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G.R. No.

171555 April 17, 2013



Facts: Wilfredo Rivera and his wife, Loreto Inciong, acquired several parcels of land in Lipa City, Batangas. When Loreto died, his heirs executed an
extrajudicial settlement of her one-half share of the conjugal estate. All the properties were adjudicated in favor of the spouses’ daughters while Wilfredo waived
his rights to the properties, with a reservation of his usufructuary rights during his lifetime, such fact being annotated on the certificate of titles.

Almost a decade later, Wilfredo filed with the Municipal Trial Court in Cities (MTCC) of Lipa City a complaint for forcible entry against the petitioners
and Star Honda, Inc. claiming he lawfully possessed and occupied the two (2) parcels of land with a building used for his furniture business. Taking advantage of
his absence due to his hospital confinement, the petitioners and Star Honda, Inc. took possession and caused the renovation of the building on the property.
Petitioners and Star Honda, Inc., with the aid of armed men, barred him from entering the property. Both the petitioners and Star Honda, Inc. countered that
Wilfredo voluntarily renounced his usufructuary rights in a petition for cancellation of usufructuary rights and that another action between the same parties is
pending with the RTC of Lipa City, Branch 13 (an action for the annulment of the petition for cancellation of usufructuary rights filed by Wilfredo).

The MTCC dismissed the complaint. Upon appeal to the RTC, the latter affirmed the MTCC’s findings for lack of cause of action. However, upon
reconsideration, the RTC ordered the eviction of the petitioners and Star Honda, Inc finding Wilfredo’s renunciation of his usufructuary rights could not be the
basis of the complaint’s dismissal since it is the subject of a pending litigation and upheld Wilfredo’s prior possession and subsequent dispossession of the
property. However, the RTC again modified its decision by absolving Star Honda, Inc. from any liability finding no evidence that Star Honda, Inc. participated in
the dispossession. The CA affirmed the RTC’s findings.

During the pendency of the case, however, Wilfredo died and was substituted by his second wife.

Issue: Who, between the petitioners and Wilfredo, had been in prior physical possession of the property?

Held: Wilfredo had been in prior physical possession of the property; the petitioners deprived him of such possession by means of force, strategy and

Ejectment cases involve only physical possession or possession de facto. Ejectment cases - forcible entry and unlawful detainer - are summary
proceedings designed to provide expeditious means to protect actual possession or the right to possession of the property involved. The only question that the
courts resolve in ejectment proceedings is: who is entitled to the physical possession of the premises, that is, to the possession de facto and not to the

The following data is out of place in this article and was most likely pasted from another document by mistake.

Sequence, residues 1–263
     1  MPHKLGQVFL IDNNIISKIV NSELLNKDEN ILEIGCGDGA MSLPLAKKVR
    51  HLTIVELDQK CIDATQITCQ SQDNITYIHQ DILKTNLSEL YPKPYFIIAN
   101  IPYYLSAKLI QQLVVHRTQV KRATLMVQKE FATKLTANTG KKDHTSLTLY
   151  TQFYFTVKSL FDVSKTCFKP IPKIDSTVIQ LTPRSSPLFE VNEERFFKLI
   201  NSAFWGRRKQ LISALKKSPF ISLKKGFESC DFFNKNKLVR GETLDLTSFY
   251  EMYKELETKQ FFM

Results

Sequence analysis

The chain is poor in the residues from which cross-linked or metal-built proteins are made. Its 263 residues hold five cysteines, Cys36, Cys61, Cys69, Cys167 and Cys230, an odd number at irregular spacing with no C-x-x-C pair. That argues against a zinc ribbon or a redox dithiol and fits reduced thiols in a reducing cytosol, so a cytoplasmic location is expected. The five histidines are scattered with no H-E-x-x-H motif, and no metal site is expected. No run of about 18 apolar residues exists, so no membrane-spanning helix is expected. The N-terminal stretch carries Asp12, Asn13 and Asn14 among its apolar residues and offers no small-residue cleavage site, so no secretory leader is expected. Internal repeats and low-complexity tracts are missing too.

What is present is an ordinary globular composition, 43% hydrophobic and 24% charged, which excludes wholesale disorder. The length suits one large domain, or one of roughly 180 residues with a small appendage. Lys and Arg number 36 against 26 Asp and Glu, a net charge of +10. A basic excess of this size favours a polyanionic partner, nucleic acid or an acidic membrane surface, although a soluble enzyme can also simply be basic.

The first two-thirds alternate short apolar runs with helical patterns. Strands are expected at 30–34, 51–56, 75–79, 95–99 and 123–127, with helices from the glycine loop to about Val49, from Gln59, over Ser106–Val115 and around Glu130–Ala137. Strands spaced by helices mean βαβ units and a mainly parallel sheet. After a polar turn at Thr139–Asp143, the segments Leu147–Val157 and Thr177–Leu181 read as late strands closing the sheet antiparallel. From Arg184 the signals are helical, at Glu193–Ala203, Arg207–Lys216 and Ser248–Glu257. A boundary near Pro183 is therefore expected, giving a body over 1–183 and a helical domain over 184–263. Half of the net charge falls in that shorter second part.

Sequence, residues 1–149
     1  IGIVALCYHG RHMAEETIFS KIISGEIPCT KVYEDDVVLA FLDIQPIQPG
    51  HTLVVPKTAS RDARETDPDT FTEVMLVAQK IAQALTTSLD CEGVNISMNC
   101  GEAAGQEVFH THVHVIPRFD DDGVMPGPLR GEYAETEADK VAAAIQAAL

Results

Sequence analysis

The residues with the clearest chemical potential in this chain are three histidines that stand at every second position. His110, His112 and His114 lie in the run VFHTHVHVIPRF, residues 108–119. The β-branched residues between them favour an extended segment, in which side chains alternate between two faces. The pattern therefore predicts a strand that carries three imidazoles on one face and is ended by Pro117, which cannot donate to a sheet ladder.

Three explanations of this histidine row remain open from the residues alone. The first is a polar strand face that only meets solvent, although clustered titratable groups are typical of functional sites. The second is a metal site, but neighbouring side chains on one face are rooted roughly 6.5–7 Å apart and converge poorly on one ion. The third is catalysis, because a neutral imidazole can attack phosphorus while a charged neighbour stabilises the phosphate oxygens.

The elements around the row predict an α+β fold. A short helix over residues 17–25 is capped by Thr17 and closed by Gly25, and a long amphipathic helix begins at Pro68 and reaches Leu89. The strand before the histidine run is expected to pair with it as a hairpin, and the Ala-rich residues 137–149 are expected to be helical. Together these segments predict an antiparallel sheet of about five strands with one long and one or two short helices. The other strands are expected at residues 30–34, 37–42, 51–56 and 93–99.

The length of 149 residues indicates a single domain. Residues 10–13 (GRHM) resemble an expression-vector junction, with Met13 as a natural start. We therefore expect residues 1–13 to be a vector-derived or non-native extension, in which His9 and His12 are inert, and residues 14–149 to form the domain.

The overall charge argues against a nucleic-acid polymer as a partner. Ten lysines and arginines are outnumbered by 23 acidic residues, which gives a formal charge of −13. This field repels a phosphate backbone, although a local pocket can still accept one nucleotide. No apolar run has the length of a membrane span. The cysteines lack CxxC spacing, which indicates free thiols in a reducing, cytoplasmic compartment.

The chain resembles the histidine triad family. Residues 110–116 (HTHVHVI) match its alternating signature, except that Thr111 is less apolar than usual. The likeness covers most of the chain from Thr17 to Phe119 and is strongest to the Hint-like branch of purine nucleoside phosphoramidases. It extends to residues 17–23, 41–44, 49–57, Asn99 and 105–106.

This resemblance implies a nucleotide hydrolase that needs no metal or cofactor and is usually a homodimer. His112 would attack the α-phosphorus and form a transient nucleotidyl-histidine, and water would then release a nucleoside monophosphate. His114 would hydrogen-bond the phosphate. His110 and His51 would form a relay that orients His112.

possession de jure. It does not even matter if a party's title to the property is questionable."

Possession in ejectment cases "means nothing more than actual physical possession, not legal possession in the sense contemplated in civil law." In
a forcible entry case, "prior physical possession is the primary consideration." A party who can prove prior possession can recover such possession even against
the owner himself. Whatever may be the character of his possession, if he has in his favor prior possession in time, he has the security that entitles him to remain
on the property until a person with a better right lawfully ejects him." The party in peaceable, quiet possession shall not be thrown out by a strong hand, violence,
or terror.

The recovery of possession of real property is a real action that is not extinguished by the death of a party. The judgment in an ejectment case is
conclusive between the parties and their successors-in-interest by title subsequent to the commencement of the action; hence, it is enforceable by or against the
heirs of the deceased. This judgment entitles the winning party to: (a) the restitution of the premises, (b) the sum justly due as arrears of rent or as reasonable
compensation for the use and occupation of the premises, and (c) attorney’s fees and costs.

Wilfredo was holding the property as usufructuary, although this right to de jure possession was also disputed before his death, along with the de
facto possession. Without need, however, of any further dispute or litigation, the right to the usufruct is now rendered moot by the death of Wilfredo since death
extinguishes a usufruct under Article 603(1) of the Civil Code. This development deprives the heirs of the usufructuary the right to retain or to reacquire
possession of the property even if the ejectment judgment directs its restitution. What actually survives under the circumstances is the award of damages, by way
of compensation, that the RTC originally awarded and which the CA and this Court affirmed. The heirs of Wilfredo shall succeed to the computed total award
under the rules of succession, a matter that is not within the authority of this Court to determine at this point.